SAQQARA, Egypt -- A superbly preserved 2,300-year-old mummy bearing a golden mask and covered in brilliantly colored images of gods and goddesses was unveiled Tuesday at Egypt's Saqqara Pyramids complex south of Cairo.
The unidentified mummy, from the 30th pharaonic dynasty, was enclosed in a wooden sarcophagus and buried in sand at the bottom of a 20-foot shaft when it was discovered recently by an Egyptian-led archaeological team.
"We have revealed what may be the most beautiful mummy ever found in Egypt," Zahi Hawass, chief of Egypt's Supreme Council of Antiquities, said as he helped excavators remove the sarcophagus lid to show off the find.
Hawass said experts will use CT scanning technology within the next week to reveal more details about the ancient Egyptian's identity and how he had lived and died.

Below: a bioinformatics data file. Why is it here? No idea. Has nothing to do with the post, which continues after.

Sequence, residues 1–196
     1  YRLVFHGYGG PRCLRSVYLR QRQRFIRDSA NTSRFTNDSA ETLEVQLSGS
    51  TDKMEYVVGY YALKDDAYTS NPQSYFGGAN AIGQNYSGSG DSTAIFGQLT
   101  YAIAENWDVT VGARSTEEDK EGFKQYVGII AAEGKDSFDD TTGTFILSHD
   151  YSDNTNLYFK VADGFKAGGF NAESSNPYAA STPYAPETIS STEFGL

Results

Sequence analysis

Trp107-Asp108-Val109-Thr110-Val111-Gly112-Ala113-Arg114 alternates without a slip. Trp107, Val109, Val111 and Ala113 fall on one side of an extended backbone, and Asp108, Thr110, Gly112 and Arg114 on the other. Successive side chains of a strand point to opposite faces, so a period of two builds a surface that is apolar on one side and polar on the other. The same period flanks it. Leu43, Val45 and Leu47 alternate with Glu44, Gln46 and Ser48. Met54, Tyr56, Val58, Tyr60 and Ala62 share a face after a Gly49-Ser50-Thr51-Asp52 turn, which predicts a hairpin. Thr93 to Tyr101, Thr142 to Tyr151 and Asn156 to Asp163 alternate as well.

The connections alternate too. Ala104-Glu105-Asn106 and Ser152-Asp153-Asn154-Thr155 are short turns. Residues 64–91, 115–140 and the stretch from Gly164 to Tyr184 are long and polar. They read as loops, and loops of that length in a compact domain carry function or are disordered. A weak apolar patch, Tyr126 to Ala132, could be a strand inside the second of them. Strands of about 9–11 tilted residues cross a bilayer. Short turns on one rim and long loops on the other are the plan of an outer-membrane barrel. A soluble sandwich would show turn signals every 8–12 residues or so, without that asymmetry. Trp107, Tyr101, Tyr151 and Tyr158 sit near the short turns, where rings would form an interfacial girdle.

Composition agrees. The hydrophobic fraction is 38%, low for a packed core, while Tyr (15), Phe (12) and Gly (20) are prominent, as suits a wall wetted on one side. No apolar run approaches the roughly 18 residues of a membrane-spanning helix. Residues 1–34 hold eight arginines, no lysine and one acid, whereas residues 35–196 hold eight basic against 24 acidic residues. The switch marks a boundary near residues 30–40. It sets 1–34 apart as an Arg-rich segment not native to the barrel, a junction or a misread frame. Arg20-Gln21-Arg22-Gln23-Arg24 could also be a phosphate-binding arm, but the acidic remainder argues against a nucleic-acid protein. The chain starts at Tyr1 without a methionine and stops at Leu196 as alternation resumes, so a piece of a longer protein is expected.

Afterward, the mummy will be displayed at Saqqara's museum of Imhotep, the famed architect who designed the Step Pyramid -- Egypt's oldest.
The mummy, found two months ago, was covered from head to toe in burial cloth painted in bright colors that depicted a range of graphic scenes, including Maat, the goddess of balance and truth shown with outstretched arms in the shape of feathered wings.
Saqqara, about 12 miles south of Cairo, is one of Egypt's most popular tourist sites and hosts a collection of temples, tombs and funerary complexes.